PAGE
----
Good health comes from teamwork. Your health care provider can order tests, but it's up to you to get them done. Tell your provider if you notice any changes in your breasts, such as a lump. Let your provider know if you have a family history of breast cancer or any other risk factors. Risk factors for breast cancer include:
- Being 60 years old or older.
- Being exposed to radiation as a child or young adult.
- Starting your period before age 12.
- Starting menopause after age 55.
- Having your first child after age 35.
- Taking hormone therapy.
You can reduce your risks of breast cancer by:
- Drinking less alcohol (wine, beer and spirits).
- Staying at a healthy weight.
- Exercising or being active at least three times a week.
When you get a mammogram, your health care provider should let you know the results. Your provider should also tell you when to get your next mammogram. It's up to you to schedule your test and follow your provider's advice.
|If you are a woman...||You should...|
|Younger than 50||Talk to your provider about the advantages and disadvantages of mammograms.
Talk with your provider about when you should have your first mammogram.
|50 to 74 years old||Get a mammogram every year.|
|Older than 74||Ask your provider if you should continue having regular mammograms.
Ask your provider how often to get a mammogram.
According to the U.S. Preventive Services Task Force 2009 Recommendations
Other Ways to Find Breast Cancer
CBE, or Clinical Breast Exam—Your health care provider checks your breasts. The provider looks for lumps, changes in size or shape, and other changes that are not normal. If you are in your 20s or 30s, talk with your provider about a CBE. And ask when you should have your first mammogram.
BSE, or Breast Self-Exam—The American Cancer Society recommends you check your own breasts for lumps, changes in size or shape, and other changes. Talk with your provider about doing your own exams. Ask your provider about the benefits and limitations of this exam. If you want to use BSE, ask your provider to teach you how. And tell your provider right away if you have any changes.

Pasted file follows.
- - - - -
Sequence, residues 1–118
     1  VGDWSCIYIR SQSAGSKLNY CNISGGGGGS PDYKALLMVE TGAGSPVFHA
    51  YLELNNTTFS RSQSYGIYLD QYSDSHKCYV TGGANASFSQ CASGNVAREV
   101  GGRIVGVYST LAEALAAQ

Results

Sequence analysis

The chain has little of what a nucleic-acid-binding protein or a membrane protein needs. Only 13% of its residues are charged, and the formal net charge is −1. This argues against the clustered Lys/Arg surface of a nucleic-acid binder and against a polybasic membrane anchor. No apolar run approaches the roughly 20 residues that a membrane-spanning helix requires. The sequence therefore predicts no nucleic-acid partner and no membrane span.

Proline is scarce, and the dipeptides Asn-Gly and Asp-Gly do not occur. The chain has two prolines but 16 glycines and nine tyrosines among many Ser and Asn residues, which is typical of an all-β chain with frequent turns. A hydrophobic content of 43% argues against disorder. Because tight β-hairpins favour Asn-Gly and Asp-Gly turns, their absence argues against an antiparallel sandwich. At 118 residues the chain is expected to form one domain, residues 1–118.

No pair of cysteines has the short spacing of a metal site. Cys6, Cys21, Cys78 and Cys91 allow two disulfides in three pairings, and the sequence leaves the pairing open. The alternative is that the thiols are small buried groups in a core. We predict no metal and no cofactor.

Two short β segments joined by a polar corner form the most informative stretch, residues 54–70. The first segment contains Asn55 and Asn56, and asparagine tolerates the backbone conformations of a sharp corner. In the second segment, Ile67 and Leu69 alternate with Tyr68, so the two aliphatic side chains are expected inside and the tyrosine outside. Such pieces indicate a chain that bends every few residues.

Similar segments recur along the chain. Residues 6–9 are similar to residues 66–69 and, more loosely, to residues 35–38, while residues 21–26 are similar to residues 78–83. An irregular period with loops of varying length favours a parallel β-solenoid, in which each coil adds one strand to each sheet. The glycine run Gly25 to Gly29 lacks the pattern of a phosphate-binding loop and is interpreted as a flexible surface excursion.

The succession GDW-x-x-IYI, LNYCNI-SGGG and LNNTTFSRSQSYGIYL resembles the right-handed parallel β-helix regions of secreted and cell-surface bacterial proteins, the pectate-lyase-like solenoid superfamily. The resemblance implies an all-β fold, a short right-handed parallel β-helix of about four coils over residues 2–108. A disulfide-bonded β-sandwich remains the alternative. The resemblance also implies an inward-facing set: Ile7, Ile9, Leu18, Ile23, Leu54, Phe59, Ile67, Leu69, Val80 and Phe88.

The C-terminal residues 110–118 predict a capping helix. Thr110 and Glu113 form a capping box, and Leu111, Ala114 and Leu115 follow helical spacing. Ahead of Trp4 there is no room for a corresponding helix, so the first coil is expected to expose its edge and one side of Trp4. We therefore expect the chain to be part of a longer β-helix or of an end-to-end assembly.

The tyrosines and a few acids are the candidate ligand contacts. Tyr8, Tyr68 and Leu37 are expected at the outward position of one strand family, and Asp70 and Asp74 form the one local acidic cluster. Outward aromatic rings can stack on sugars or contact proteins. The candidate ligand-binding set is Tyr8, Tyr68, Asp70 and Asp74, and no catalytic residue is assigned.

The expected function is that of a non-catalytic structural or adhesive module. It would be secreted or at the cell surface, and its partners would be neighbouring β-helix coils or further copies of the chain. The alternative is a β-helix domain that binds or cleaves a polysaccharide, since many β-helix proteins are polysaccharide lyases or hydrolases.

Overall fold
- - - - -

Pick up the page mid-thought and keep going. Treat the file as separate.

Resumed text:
Page text updated March 14, 2014.
The information on this page was compiled by the New Mexico Coalition for Healthcare Quality from a variety of sources, including (but not limited to) U.S. Preventive Task Force, American Cancer Society, American College of Obstetricians and Gynecologists, National Breast Cancer Foundation, National Cancer Institute, Susan G. Komen for the Cure, and Mayo Clinic. This information summarizes core care elements appropriate to most adult women. This information should not be construed as representing standards of care nor as a substitute for individualized evaluation and treatment on clinical circumstances by a qualified health care professional. Please see our disclaimer.
For more information about this complex health issue, please see the Breast Cancer Links page for resources and sources of information.